As opposed to covering specific moves, this article serves as a guideline for the generic, general set of synchronized calls and movesets from the crowd typically heard at anikura events. Note that anikura crowds and atmospheres vary heavily based on the venue or event. For example, the crowd at MOGRA tends to skew more towards a traditional DJ club where the audience may simply sway and bounce to the beat. In contrast, events specifically geared towards celebrating chikagei such as すーぱーあにおん will typically take place in a large open venue such as a gymnasium or outdoor park, thus the crowds at these events are far more likely to go wild with calls and follow up with moves such as thunder snake for nearly every single song.
As with most live events in Japan, be sure to read the atmosphere of the crowd to determine if any or all of the following calls and moves are appropriate or not. When it doubt, follow the crowd!
Note that this article assumes basic familiarity with calls and cheers typically heard at idol concerts or anisong concerts known broadly as wotagei (ヲタ芸 ). If not, please feel free to brush up on the fundamentals with example tutorials such as the following:
- BECOMING A WOTAKU!! Idol 101
- Surviving your first Idolm@ster Live
- Idol 101: How to Do Idol Calls and Mixes
1. Clapping (aka OAD)
Clapping along with the beat of the song – typically, every other beat – during the A-melody.
At anikura events, clapping occurs almost 100% of the time during the A-melody, aka the first verse after the intro instrumental section. 3D idol fans may also know this move as OAD or Over Action Dolphin, but this simplified variant lacks most of the super-exaggerated movement of OAD: people may still alternate side-to-side for each clap, however. If there is a slower or faster portion of the intro, the crowd may alternatively clap on every beat: see the beginning of the Q&A Recital! clip listed below.
Fans of 2.5D idol (e.g. Love Live!, iDOLM@STER, Wake Up, Girls!) or major anisong artists typically know this portion of the song as the part where you simply move your penlights up and down to the beat of the song.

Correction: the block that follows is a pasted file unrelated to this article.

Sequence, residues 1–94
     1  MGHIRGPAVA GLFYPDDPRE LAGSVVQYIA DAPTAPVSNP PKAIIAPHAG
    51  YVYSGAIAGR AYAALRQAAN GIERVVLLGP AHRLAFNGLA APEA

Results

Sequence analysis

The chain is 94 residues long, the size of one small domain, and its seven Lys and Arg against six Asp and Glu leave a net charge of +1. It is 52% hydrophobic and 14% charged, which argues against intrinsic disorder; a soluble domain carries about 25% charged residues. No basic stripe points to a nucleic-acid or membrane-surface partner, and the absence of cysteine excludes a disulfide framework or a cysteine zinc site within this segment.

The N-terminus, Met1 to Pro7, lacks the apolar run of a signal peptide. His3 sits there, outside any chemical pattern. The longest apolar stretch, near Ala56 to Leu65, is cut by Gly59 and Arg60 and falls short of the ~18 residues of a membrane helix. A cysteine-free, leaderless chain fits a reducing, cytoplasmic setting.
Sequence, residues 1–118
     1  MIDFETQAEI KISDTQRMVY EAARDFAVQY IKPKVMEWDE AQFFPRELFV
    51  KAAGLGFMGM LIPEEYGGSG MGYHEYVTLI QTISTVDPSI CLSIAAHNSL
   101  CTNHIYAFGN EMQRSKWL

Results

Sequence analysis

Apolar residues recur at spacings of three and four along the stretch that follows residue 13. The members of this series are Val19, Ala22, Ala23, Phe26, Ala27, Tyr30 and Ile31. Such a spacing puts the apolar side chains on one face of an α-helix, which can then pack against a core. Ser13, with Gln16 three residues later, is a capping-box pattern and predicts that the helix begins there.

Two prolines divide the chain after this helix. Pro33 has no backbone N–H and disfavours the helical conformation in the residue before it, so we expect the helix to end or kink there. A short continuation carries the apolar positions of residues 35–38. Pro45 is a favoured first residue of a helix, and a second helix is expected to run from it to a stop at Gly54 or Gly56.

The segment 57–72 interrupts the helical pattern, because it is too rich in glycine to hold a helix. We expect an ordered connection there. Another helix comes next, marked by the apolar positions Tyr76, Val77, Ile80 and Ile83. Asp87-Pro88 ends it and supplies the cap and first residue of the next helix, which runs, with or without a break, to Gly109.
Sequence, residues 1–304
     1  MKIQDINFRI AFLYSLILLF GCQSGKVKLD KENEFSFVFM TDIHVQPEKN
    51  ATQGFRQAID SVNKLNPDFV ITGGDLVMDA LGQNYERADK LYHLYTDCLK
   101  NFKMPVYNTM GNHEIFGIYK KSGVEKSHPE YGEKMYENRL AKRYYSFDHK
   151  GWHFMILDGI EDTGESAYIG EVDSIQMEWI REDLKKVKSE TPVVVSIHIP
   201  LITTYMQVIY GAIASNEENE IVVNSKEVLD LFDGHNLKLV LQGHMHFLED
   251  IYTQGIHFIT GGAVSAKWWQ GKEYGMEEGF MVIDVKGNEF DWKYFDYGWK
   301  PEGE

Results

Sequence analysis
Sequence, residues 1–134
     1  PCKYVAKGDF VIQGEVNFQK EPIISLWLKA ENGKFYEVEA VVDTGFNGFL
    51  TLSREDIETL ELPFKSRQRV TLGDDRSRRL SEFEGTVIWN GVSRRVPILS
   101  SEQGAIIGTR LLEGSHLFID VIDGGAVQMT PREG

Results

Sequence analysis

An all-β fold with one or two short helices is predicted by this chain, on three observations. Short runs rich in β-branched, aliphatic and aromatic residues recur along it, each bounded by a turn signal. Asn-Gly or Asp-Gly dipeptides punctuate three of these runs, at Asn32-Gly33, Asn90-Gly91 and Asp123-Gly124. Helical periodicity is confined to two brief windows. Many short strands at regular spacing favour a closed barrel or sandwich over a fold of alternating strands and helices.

Trancing Pulse by Triad Primus – THE iDOLM@STER Cinderella Girls
Q&A Recital! (Q&A リサイタル!) by Haruka Tomatsu – Tonari no Kaibutsu-kun
The unique chant typically heard during the B-melody leading up to the chorus.
Most people introduced to idol calls from the 3D, 2.5D, anisong worlds will know this move as either three claps (comprising the PPP part of PPPH) or as “oooooo hai”, but PPPH at anikura events tends to follow the underground (chika) idol scene, which is “oooooo → clapx2”. See the clip below at around 0:08.
sister’s noise by fripSide – A Certain Scientific Railgun S
Slowly clapping in a manner such that you expose your palms outwards as you complete the clapping motion, like a blooming flower (hence where its name is derived from: 咲く (saku), meaning to bloom).
The sakiclap replaces what most concert fans know as kecha, which involves extending your arms towards the performer during the slow parts of songs. The timing is exactly the same as kecha, the clap is simply added at the end of the motion. Anikura crowds may sakiclap towards the DJ, similar to the way concert crowds kecha in the direction of the performer on stage.
Unlike concerts, it’s rare for a songs at anikura events to reach the C-melody of a song, so you tend to only see sakiclapping if there is a slow intro or A-melody. An example is shown below around 0:20.
Future Strike by Yui Ogura – ViVid Strike!